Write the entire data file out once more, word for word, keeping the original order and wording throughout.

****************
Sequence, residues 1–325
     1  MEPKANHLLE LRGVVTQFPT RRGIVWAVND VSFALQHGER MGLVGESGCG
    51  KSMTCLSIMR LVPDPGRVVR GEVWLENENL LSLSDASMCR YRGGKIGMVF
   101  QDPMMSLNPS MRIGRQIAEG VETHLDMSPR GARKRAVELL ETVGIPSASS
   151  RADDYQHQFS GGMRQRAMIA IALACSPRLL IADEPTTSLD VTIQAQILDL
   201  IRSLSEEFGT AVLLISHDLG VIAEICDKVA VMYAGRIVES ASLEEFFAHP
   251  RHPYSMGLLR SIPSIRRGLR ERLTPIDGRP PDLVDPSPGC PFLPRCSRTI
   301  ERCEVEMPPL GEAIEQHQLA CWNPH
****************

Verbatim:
Sequence, residues 1–325
     1  MEPKANHLLE LRGVVTQFPT RRGIVWAVND VSFALQHGER MGLVGESGCG
    51  KSMTCLSIMR LVPDPGRVVR GEVWLENENL LSLSDASMCR YRGGKIGMVF
   101  QDPMMSLNPS MRIGRQIAEG VETHLDMSPR GARKRAVELL ETVGIPSASS
   151  RADDYQHQFS GGMRQRAMIA IALACSPRLL IADEPTTSLD VTIQAQILDL
   201  IRSLSEEFGT AVLLISHDLG VIAEICDKVA VMYAGRIVES ASLEEFFAHP
   251  RHPYSMGLLR SIPSIRRGLR ERLTPIDGRP PDLVDPSPGC PFLPRCSRTI
   301  ERCEVEMPPL GEAIEQHQLA CWNPH